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Mittenwald / Kranzberg ☆

17th March 2009 permanent link

Times visited:once
Last visited:February 2009

I couldn’t honestly recommend Kranzberg as a snowboarding destination but, should one happen to find oneself in the area, there’s a fun afternoon to be had there. I was in Mittenwald last month for a friend’s fortieth birthday party, and spent a very pleasant Sunday afternoon on the Kranzberg.

Mittenwald is a Bavarian mountain town, famous according to the tourist brochures for violin making, situated between the Wetterstein and Karwendel Alps. The Wetterstein and Karwendel are steep, rocky, heavily protected in the case of the Karwendel by National Park status, and almost entirely unsuitable for skiing. But almost every Alpine town manages to find some ski possibilities somewhere. Mittenwald has the Dammkar: a single ski run dropping well over a thousand metres from the top of the Karwendel, reached by a cable car, avalanche patrolled but not pisted. It’s supposed to be steep, long and great fun. Three or four of us middle aged guys at the party were keen to demonstrate our continuing manhood on it, but in the end we decided it would be unsociable, and we should do something else instead that was fairer for the non-skiers (and for the skiers with nothing to prove, such as our wives).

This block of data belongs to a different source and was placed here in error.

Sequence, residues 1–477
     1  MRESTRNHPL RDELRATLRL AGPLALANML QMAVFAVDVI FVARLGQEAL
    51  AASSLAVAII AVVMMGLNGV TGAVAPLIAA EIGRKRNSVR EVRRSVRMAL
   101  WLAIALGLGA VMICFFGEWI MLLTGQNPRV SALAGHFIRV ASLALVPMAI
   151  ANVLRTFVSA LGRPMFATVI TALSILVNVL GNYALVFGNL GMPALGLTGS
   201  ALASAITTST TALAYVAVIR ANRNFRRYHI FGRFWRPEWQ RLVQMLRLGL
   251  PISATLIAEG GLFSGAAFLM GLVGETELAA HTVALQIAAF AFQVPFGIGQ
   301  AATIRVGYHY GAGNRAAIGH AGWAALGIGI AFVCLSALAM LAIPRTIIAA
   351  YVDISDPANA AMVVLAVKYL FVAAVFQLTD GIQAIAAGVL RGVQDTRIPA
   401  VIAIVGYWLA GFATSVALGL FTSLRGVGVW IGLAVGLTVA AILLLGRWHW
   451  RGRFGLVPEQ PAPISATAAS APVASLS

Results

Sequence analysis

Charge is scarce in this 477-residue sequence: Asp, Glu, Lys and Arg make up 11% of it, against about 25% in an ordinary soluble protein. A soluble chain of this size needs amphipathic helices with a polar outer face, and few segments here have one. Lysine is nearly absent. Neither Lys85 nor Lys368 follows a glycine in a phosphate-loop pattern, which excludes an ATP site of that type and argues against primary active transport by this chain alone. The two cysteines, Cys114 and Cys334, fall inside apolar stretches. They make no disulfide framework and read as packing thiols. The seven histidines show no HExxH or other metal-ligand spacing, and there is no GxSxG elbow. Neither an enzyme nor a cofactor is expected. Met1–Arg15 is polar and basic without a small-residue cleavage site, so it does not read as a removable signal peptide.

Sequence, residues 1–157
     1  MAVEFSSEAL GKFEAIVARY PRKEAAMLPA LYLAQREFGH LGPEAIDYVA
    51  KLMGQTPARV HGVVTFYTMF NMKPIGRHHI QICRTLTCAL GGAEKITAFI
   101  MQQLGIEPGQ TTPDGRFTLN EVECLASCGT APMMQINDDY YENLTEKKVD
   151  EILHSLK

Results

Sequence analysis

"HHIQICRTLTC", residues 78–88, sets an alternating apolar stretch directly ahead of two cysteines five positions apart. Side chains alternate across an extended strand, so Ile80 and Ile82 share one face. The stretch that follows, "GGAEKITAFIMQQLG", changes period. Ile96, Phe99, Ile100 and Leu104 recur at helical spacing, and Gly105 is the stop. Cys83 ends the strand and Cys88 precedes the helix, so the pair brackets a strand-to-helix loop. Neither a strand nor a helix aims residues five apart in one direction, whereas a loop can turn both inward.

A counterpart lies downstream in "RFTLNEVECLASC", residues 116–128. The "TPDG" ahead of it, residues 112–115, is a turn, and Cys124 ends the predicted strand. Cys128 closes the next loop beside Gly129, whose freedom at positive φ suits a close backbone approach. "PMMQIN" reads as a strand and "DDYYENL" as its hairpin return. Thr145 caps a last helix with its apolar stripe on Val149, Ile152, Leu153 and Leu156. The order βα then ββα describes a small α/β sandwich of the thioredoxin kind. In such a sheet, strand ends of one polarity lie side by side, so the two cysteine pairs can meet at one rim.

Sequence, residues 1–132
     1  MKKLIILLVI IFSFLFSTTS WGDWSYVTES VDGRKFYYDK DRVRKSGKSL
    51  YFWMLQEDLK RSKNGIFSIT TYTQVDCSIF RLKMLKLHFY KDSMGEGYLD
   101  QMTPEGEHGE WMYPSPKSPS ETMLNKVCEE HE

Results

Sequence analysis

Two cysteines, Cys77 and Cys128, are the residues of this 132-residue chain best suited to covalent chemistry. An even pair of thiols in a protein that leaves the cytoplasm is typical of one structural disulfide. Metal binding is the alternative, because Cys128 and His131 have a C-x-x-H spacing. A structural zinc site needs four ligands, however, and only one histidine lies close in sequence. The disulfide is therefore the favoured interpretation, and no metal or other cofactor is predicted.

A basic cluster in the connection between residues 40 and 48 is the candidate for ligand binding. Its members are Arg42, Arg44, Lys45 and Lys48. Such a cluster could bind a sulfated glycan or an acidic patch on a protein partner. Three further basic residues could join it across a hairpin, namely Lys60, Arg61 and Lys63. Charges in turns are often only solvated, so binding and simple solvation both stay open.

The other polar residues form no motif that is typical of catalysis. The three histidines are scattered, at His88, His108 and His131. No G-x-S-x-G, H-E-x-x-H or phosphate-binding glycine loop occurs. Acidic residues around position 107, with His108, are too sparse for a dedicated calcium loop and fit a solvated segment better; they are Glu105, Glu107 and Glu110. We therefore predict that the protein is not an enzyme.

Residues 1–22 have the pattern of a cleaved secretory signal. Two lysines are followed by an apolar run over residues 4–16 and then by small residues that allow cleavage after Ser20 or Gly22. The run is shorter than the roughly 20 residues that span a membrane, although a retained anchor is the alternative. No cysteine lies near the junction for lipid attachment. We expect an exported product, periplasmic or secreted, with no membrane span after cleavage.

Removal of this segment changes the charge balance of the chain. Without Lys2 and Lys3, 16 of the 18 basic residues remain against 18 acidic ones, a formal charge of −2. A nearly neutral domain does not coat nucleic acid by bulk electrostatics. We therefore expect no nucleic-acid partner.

Mittenwald also has the Kranzberg, a small foothill of the Wetterstein that has some ski runs. The Kranzberg is reached from the edge of town via a little single-seater chairlift. The lift is old and slow, but on the leisurely journey you have plenty of time to admire the idyllic, gently rolling parkland that it passes over and the impressive view of the Wetterstein. It leads to to a toboggan run – ideal for the non-skiers – and an alleged ski run. Small children, sledges and snowboards (ideally not all at the same time) are carried on laps.

on the chairlift kranzberg landscape

If you thought “idyllic, gently rolling parkland” isn’t a landscape description you’d normally associate with a ski area, you’d be right. The blue run back to the chairlift is very scenic, but it is also the least downhill-sloping ski run I have ever seen. Probably great fun for lazy ski tourers, but not at all on a snowboard. The other (north) side of the mountain is somewhat more normal, with ski runs that actually go downhill most of the way, reached by a couple of quite steep draglifts. The runs are short but pleasant, and every snowboarder should practice draglift skills from time to time, however reluctantly – you never know when one of the accursed things might obstruct your path to an otherwise decent bit of mountain.

As I’ve said before, “if I’ve only been somewhere once, please assume that my rating is heavily biased by whether the snow there happened to be good or bad that day.” It’s hard to avoid having fun on a snowboard anywhere where there’s half a metre of fresh snow by the side of the piste, and the piste-side snow last weekend at Kranzberg was lovely.

I found a(nother) website dedicated to quaint and obscure German ski resorts. Here’s what they have to say about Kranzberg.

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